There are numerous other varieties, but none carry quite the same monetary or culinary value. Nonetheless, some are useful and very tasty. I have eaten many of the black summer truffles, Tuber aestivum, most often whilst visiting Tuscany; in fact, a dish of ‘tagliolini al tartufo’ is one of the first things I seek out. This truffle, which is harvested through summer and into early autumn, is actually native across Europe, including the UK. It is more or less identical to the Burgundy truffle, Tuber uncinatum, which seems to differ largely in its later harvest, from autumn to mid winter. There is also another white truffle, Tuber borchii, referred to as the Bianchetto or Marzuolo truffle, from the Italian for March, marzo, that can be harvested from mid winter to spring. This is supposed to have good culinary properties, and is another that can be found throughout Europe.
Interestingly, it is possible to cultivate truffles. Modern techniques have no doubt made the inoculation of saplings with truffle fungi much more reliable. Truffles grow on various woods, but hazel and oak are the most common for cultivation. Hazel is ideal for our orchard setting, as we will benefit from the nuts, and perhaps some hazel wood, as well as the possibility of finding some truffles.
Truffles generally seem to prefer a free draining, somewhat poor, calcareous soil, that is, a chalky or limey soil, with a pH from neutral to moderately alkaline. Although we have a free draining soil here, it is slightly acidic, so not really ideal for truffles. Nonetheless, I am keen to at least attempt to grow some, and if they do not flourish, at least the hazels will serve a useful purpose. Some adjustment of the soil with lime may well help. We bought seven truffle trees in total. Two each of the black summer truffle, Tuber aestivum, and the white Bianchetto truffle, Tuber borchii, from Seeds of Italy, www.seedsofitaly.com, and three of the black Périgord truffle, Tuber melanosporum, from UK based Mycorrhizal Systems, www.plantationsystems.com.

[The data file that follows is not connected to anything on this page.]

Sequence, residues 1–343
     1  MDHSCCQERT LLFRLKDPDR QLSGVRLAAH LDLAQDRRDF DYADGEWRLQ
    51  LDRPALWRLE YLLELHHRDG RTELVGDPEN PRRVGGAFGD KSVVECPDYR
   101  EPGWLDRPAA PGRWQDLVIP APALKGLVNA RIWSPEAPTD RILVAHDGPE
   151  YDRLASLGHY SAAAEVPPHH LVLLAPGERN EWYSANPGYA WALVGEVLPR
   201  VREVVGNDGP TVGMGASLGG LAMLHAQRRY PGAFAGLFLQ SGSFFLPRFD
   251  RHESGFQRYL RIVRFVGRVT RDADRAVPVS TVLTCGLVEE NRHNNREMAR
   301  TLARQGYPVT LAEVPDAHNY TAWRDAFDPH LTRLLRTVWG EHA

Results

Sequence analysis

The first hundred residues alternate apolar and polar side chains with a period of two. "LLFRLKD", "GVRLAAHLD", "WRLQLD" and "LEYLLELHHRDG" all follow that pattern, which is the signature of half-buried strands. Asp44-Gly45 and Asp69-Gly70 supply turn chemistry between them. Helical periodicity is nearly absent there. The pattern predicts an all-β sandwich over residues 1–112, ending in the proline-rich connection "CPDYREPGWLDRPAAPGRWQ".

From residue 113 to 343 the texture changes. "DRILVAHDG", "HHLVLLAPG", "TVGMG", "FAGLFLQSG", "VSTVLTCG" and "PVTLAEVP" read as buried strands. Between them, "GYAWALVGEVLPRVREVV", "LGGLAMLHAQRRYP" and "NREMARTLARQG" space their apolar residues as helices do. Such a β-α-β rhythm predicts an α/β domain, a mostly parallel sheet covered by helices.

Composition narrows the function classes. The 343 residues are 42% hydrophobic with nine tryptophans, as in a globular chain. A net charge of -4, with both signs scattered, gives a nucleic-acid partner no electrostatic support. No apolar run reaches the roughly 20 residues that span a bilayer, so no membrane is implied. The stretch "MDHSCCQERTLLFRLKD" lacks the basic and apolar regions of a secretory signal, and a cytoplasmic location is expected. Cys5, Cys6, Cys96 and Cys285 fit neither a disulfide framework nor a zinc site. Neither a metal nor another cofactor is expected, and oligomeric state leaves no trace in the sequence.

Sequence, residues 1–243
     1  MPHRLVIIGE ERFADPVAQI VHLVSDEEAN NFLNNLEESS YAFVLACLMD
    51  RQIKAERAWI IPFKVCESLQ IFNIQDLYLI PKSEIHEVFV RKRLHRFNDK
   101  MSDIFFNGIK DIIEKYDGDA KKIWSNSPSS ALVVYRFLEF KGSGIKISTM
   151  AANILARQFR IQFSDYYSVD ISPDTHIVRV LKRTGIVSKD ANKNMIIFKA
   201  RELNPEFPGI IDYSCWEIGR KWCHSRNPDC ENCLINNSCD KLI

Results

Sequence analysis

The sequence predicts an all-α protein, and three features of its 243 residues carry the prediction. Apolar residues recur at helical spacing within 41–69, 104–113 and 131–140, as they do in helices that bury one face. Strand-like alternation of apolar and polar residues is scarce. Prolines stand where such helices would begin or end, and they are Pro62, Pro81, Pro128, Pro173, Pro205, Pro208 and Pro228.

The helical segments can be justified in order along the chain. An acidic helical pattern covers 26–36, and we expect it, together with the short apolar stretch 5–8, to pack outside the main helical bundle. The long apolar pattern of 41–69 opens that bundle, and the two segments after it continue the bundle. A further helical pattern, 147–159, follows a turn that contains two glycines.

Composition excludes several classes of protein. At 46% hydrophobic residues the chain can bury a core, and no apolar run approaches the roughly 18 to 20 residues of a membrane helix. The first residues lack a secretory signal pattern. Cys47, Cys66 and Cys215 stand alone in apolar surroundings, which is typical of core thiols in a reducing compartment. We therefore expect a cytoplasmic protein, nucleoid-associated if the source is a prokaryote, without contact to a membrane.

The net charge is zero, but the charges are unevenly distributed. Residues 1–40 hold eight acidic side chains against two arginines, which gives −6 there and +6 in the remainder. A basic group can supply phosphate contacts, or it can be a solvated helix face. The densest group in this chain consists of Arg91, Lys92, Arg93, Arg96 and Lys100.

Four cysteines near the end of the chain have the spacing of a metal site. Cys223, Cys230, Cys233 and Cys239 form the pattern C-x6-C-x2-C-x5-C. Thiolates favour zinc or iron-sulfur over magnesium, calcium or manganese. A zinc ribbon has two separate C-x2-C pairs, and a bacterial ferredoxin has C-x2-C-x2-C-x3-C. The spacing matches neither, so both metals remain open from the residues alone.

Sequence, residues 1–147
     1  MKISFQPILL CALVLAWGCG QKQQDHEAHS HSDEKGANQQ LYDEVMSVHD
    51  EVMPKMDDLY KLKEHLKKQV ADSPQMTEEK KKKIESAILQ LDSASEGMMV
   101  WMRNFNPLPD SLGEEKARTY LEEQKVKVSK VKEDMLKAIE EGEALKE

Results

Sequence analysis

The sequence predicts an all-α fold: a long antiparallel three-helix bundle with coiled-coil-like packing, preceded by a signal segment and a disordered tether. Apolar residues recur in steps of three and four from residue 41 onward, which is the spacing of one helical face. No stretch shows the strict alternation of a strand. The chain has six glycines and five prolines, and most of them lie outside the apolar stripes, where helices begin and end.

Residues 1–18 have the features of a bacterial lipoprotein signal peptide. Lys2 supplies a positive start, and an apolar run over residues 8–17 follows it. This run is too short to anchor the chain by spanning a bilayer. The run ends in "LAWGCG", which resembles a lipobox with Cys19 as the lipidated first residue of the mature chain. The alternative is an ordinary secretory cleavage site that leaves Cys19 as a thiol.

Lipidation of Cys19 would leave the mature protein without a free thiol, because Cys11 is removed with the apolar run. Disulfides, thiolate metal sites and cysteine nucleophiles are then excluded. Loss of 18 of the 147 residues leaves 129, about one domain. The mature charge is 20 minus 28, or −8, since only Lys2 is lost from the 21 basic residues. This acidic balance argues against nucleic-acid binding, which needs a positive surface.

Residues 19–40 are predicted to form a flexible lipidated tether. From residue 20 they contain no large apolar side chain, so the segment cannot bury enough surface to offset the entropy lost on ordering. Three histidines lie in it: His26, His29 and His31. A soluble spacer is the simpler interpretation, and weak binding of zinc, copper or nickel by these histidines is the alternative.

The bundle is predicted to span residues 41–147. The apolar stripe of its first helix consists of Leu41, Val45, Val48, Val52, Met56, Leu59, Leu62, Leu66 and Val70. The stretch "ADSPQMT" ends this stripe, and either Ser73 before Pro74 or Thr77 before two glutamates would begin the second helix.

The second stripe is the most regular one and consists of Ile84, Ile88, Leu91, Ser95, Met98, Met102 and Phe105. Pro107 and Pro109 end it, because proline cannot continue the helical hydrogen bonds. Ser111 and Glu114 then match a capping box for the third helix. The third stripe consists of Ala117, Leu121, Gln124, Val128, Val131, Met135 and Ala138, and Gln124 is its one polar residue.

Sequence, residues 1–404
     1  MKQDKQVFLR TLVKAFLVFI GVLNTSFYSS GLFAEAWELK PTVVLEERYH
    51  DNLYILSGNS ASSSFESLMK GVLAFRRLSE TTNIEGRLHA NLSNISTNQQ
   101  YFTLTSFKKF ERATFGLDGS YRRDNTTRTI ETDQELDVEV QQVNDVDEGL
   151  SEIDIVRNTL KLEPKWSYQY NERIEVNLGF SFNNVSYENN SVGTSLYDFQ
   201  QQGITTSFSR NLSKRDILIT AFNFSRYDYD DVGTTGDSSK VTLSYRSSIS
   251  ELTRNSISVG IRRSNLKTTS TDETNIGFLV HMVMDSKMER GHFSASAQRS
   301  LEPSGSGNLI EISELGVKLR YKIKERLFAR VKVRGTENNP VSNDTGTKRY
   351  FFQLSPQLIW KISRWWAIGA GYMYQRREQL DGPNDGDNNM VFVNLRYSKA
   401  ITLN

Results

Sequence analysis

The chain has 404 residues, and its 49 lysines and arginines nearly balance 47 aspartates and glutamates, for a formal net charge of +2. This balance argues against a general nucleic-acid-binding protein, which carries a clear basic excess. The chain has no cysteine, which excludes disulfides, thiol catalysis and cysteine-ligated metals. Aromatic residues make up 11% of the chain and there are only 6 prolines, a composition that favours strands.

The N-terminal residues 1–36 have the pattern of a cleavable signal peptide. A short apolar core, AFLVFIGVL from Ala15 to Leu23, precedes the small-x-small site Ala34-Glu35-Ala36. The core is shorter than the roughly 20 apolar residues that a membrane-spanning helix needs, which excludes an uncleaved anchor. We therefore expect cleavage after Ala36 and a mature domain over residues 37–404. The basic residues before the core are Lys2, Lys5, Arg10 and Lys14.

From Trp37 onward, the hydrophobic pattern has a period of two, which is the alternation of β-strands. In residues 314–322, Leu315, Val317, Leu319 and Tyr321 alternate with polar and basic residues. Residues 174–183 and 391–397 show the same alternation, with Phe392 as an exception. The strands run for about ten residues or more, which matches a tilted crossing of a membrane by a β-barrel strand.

When the young trees arrived they were rather small, so instead of planting directly in the orchard, we potted them on to develop a little before they are planted out. Those from Seeds of Italy came potted while the others appear to have been grown in some sort of root trainer, being small in cross section but surprisingly deep. The soils seemed to be rather different too; the former was a solid, poor looking, gritty sort of soil, of the type they clearly prefer, whilst the latter came in soil that seemed to have a rather high clay content. No doubt both were suited to the truffles concerned.
I made up a potting mix of approximately equal quantities of top soil and peat free multipurpose compost. To this was added some fish, blood, and bone, as a slow release fertiliser, a handful of lime to increase the pH, and a good amount of horticultural grit to ensure free drainage. Whether this is a good mix or not, I have no way of knowing, but it seemed reasonable to me. When they have developed a more substantial root ball and more robust top growth, they will be planted out in the orchard. Further lime may then be added to the planting site to adjust for our slightly acidic soil.
I am fairly confident that we will see some of the black summer truffles, although it is likely to take five years or more before the first will be produced. The white truffle is also a possibility, but I must confess that the fine Périgord truffle seems like a long shot. In any event, without a trained truffle hound or a sow to hand, they will be a little tricky to find, but that is a problem for another day. The summer truffle, at least, seems to grow near the surface so might be spotted from a careful examination of the site. Whether we succeed or not, it is, though, an interesting thing to try and grow.